Many of those who took part in the student movement of the 1960ís drew their inspiration from the African-American struggle for freedom. That was true for Cathy Wilkerson, who became involved in the civil rights movement and Students for a Democratic Society (SDS) in 1963 while at Swarthmore College. She described her experience as a college student listening to Civil Rights leader Gloria Richardson as the event that changed her life. Wilkerson went on to work in the SDS national office and edited the SDS newspaper, New Left Notes. In 1968, she moved to Washington DC to open a SDS regional office, and later became a Weatherman. [The material in brackets was added to the transcript shortly after the recorded interview.]Listen to Audio:
WILKERSON: Swarthmore was a real hot bed of intellectual discussion. I mean the classes were peripheral and what happened amongst the students was more important to most of the students than what happened in the classes. And there were also people from every political sect on the left there. I had never met anyone from the left. I mean there were red diaper babies, there were Trots, there were Social Democrats, there were everything. Some of the people, there were some people who were involved with the Communist Party some way or another, I’m not sure how. But they had organized this group called the Swarthmore Political Action Club, and it was very big. My freshman year, I went to a couple of meetings and there were probably fifty to sixty people there out of a campus of nine hundred. And they met every week. I wasn’t real involved with them in my freshman year because they were very intellectual and I couldn’t understand a word anybody was saying about anything. And no women ever spoke. I went to a couple of meetings, and it was interesting, but I really didn’t know how to relate to it. But the spring of my freshman year they organized trips to go down to Cambridge, Maryland, to participate in the demonstrations that were going on down there. I think they were Woolworth’s demonstrations, or they were the aftermath of Woolworth’s. They had done Woolworth’s but then they were doing some other things in town. I went on a couple of those. Gloria Richardson was organizing in Cambridge and I heard her speak. And that’sóreally if there’s one event that changed my life, that’s what it was. I don’t remember the demonstrations really clearly. But I remember, I think there were dogs and it was, you know, Southern, very Southern. We went back and there was a meeting in a church in the black community. It was, you know, the classic kind of civil rights struggle. And it was big and intense and heavy. [But there was a strong sense of community among the strugglers.] It just completely blew my mind, and nothing was ever the same again.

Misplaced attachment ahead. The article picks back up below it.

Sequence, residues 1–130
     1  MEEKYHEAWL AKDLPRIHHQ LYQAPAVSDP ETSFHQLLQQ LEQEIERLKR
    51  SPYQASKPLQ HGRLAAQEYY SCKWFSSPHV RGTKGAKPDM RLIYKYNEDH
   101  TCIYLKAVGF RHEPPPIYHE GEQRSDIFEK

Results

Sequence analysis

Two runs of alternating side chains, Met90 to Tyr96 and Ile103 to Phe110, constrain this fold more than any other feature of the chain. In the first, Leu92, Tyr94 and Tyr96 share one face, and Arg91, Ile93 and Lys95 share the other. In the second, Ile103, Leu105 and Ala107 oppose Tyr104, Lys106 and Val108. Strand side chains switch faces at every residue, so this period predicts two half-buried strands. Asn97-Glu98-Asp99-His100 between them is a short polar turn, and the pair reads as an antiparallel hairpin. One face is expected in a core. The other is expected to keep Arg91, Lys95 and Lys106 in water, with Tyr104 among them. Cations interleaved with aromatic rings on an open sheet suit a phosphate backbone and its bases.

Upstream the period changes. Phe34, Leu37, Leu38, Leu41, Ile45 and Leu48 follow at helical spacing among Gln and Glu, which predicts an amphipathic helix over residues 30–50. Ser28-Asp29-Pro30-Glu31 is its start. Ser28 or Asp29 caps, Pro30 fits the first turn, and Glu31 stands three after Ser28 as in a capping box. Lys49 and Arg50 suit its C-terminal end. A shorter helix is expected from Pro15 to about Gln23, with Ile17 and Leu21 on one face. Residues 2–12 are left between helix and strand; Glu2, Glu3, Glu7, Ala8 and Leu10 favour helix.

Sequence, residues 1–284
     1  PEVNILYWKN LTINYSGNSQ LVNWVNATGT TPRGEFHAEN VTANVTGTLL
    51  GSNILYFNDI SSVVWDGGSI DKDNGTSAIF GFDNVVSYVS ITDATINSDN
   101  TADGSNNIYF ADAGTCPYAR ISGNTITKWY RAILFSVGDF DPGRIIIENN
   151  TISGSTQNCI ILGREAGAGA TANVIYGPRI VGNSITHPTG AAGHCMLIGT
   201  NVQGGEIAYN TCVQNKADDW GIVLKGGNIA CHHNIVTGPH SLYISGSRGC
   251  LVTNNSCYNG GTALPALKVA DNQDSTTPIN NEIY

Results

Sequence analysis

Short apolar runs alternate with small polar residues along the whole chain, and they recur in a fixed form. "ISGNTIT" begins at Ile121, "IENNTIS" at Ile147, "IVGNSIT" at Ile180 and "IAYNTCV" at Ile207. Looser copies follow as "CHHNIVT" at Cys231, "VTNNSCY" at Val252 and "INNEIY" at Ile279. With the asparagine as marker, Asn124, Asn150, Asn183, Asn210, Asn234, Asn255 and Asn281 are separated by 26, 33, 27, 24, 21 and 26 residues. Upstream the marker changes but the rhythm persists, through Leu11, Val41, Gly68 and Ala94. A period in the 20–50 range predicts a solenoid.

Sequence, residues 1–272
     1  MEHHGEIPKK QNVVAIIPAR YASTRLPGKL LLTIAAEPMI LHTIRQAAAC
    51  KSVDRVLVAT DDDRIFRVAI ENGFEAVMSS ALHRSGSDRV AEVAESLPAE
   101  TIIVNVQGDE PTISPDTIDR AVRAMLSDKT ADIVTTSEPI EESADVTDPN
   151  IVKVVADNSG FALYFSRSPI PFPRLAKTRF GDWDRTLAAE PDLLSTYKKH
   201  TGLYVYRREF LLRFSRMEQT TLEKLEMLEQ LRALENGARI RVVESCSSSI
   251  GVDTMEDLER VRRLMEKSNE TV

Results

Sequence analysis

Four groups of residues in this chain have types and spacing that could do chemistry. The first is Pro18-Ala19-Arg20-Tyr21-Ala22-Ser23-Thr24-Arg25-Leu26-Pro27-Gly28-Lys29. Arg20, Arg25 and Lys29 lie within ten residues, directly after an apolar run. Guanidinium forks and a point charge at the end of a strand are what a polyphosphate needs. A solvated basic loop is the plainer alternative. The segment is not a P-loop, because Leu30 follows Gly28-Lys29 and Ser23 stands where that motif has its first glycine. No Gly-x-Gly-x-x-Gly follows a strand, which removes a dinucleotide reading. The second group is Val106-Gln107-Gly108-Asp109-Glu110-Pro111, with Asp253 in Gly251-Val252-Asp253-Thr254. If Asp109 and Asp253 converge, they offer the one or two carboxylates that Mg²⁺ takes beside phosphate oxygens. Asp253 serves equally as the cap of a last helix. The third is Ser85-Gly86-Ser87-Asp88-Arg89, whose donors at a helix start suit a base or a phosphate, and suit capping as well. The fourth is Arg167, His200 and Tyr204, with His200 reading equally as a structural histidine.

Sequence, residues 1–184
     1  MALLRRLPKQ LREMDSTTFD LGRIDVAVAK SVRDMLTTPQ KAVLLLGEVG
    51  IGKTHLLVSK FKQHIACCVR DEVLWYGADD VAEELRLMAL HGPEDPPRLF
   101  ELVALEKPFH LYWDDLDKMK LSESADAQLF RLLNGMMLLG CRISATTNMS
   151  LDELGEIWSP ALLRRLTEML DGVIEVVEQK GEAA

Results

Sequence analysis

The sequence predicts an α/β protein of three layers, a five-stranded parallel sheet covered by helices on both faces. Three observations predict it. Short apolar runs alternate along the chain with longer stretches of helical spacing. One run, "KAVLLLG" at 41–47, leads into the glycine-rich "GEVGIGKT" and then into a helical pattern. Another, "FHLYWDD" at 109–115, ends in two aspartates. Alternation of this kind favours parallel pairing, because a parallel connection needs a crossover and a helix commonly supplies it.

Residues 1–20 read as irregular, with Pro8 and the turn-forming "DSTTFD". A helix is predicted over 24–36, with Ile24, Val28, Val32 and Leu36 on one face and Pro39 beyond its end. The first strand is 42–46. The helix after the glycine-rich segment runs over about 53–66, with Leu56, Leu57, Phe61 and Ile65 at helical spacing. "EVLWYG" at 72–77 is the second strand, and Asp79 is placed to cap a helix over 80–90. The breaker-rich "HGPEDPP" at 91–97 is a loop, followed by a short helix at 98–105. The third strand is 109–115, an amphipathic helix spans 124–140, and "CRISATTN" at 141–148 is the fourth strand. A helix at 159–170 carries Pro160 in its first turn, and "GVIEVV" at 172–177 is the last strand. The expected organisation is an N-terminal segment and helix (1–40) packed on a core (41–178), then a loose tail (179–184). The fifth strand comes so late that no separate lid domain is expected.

GRELE: When you talk about Gloria Richardson as being one of the things that affected you the most, it’s interesting because given everything you said, she’s not only black, she’s a woman.
GRELE: But did that play a part in that?
WILKERSON: Absolutely. I mean not consciously at the time. I don’t think I was aware when I didn’t go to the meetings the first year that it was because it was all men talking, but I think in retrospect that that had a tremendous effect on me. But she made the it [ideas] accessible. She made it [me] feel like it [I] mattered, that everybody was welcomed, not just men in the movement. My attitude was it was a tremendous honor to participate in this work, and you had to be good enough to do it. She made me feel like it was okay, and that gave me the ability to then, the next year, look at the group at Swarthmore and have some consciousness that when the men made you feel unwanted that there was something wrong with that.
Source: Interviewed by Ron Grele 2/17/85
Courtesy of Columbia University Oral History Collection